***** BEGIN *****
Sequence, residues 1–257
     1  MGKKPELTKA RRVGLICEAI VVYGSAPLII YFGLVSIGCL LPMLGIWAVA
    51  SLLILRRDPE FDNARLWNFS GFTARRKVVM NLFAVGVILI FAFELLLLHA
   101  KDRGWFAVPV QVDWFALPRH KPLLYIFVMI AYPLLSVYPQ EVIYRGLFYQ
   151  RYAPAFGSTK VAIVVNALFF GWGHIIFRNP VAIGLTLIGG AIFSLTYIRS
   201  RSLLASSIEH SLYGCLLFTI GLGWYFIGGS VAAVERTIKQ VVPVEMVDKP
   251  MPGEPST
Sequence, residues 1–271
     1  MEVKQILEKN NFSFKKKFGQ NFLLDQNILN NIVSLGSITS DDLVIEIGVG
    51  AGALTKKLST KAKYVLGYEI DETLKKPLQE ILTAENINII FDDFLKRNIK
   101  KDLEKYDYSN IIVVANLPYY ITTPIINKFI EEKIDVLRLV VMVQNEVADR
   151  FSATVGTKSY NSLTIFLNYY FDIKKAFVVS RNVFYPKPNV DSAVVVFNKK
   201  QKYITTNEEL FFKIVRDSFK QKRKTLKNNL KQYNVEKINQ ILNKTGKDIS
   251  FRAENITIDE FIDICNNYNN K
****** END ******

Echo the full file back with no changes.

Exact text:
Sequence, residues 1–257
     1  MGKKPELTKA RRVGLICEAI VVYGSAPLII YFGLVSIGCL LPMLGIWAVA
    51  SLLILRRDPE FDNARLWNFS GFTARRKVVM NLFAVGVILI FAFELLLLHA
   101  KDRGWFAVPV QVDWFALPRH KPLLYIFVMI AYPLLSVYPQ EVIYRGLFYQ
   151  RYAPAFGSTK VAIVVNALFF GWGHIIFRNP VAIGLTLIGG AIFSLTYIRS
   201  RSLLASSIEH SLYGCLLFTI GLGWYFIGGS VAAVERTIKQ VVPVEMVDKP
   251  MPGEPST
Sequence, residues 1–271
     1  MEVKQILEKN NFSFKKKFGQ NFLLDQNILN NIVSLGSITS DDLVIEIGVG
    51  AGALTKKLST KAKYVLGYEI DETLKKPLQE ILTAENINII FDDFLKRNIK
   101  KDLEKYDYSN IIVVANLPYY ITTPIINKFI EEKIDVLRLV VMVQNEVADR
   151  FSATVGTKSY NSLTIFLNYY FDIKKAFVVS RNVFYPKPNV DSAVVVFNKK
   201  QKYITTNEEL FFKIVRDSFK QKRKTLKNNL KQYNVEKINQ ILNKTGKDIS
   251  FRAENITIDE FIDICNNYNN K